The parable of the vineyard owner is one that can cause people to stop and wonder, to question what it’s actually saying, and to then make us do it all over again. We’ve just read the story so I won’t tell it again, but I’m guessing that all of us here were surprised by the conduct of the vineyard owner. I think all of us here would by rights side with the disgruntled employees who worked all day long and received the same amount of pay as the workers who worked for only an hour. I worked a punch-clock kind of job throughout high school and college. I worked for a supermarket, the DPW, I worked on a garbage truck, I worked for Columbia Manufacturing, and throughout college I worked as a janitor at the student union building. If I worked 12 hours and someone else came along and worked one hour, and we were then both paid the same amount, “unfair” would be the tamest statement of how I would be feeling. But that’s exactly what the vineyard owner does to his employees in today’s parable.
To make matters worse, he does it in their face. He makes the full day workers watch as the others are paid first. If it was a parable only about the owner’s generosity, if it only wanted to teach that God’s ways are way different than our own, he could have paid the full days employees their “usual daily wage” as they had agreed upon, and then more discreetly paid the others with ever-increasing generosity so that in the end they were all paid the same amount without offending anyone. Instead, he makes the guys who worked 12 hours watch while all the others are paid first. Why?
I don’t do the parable justice by giving an answer because it’s really supposed to knock-around in our own thoughts. Its intent is to make us each struggle for meaning and lesson. But let me throw out for consideration that the vineyard owner who represents God is hoping that we can reach beyond our gut feelings, reach beyond common sense ideas of fairness that are so strong and obvious, and start first of all to appreciate the generosity of God and secondly to become like God, to narrow the differences between His ways our ours. All of the labourers in the parable come from the same pool of desperate people. If they don’t work, they don’t eat. The full day guys lose nothing by the generosity shown to the ones who worked but an hour. The hope is that they can get past the sense of unfairness, and rejoice with the ones who have been favoured by the owner’s generosity for no reason other than the good fortune of another. That’s why they’re asked to watch, to see the reaction and relief of the other workers. This is what motivates God: not fairness, but generosity and empathy, and Jesus is challenging us to make it the way of God’s people. This parable is immediately followed by Jesus’ third and final prediction of the cross: The cross that Paul calls human foolishness. But that’s our standard of logic. Morality is a power shared by the presence of God. It’s not logical and it never can be. Are we willing to be this unfair? This is what Jesus asks of us today as we gather in His house as His people. We have been challenged by Christ today, that we may meet the challenge, for this we pray in Jesus’ name. Amen. (+)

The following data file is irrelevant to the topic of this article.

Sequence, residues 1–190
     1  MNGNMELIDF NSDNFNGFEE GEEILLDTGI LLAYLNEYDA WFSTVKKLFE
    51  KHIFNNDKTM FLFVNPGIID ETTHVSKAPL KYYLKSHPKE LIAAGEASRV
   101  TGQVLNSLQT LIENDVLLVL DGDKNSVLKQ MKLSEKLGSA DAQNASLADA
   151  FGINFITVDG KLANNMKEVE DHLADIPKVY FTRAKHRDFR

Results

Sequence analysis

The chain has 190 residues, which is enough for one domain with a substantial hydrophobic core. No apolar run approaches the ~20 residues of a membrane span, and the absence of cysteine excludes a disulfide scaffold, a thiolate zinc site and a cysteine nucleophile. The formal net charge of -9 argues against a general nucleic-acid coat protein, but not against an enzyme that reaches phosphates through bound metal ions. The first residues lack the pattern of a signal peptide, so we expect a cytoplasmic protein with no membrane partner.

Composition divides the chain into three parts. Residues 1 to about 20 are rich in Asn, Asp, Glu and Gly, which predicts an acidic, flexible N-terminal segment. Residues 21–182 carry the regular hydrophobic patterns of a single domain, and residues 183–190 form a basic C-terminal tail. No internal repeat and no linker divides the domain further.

A young boy asks his mother for a bike. The mother replies no way because he’s been so miserable for so long. The boy persists. The mother finally says, “You’ll have better luck writing a letter to Jesus and asking Him for a bike.” The boy stomps upstairs to his room and starts to write: “Dear Jesus, I’ve been really good and I was wondering …” He thinks better of it, crumples up the paper and throws it away. He starts again: “Dear Jesus, I promise that I’ll be really good in the future …” He thinks better of this too, crumples it up and throws it away. He stomps back down the stairs and out the door. The mother asks where he’s going, and he says, “To church.” After about an hour he comes home dragging a statue of Mary. He goes back up to his room and begins again to write his letter to Jesus asking for a bike: “Dear Jesus, I have your mother here as hostage …”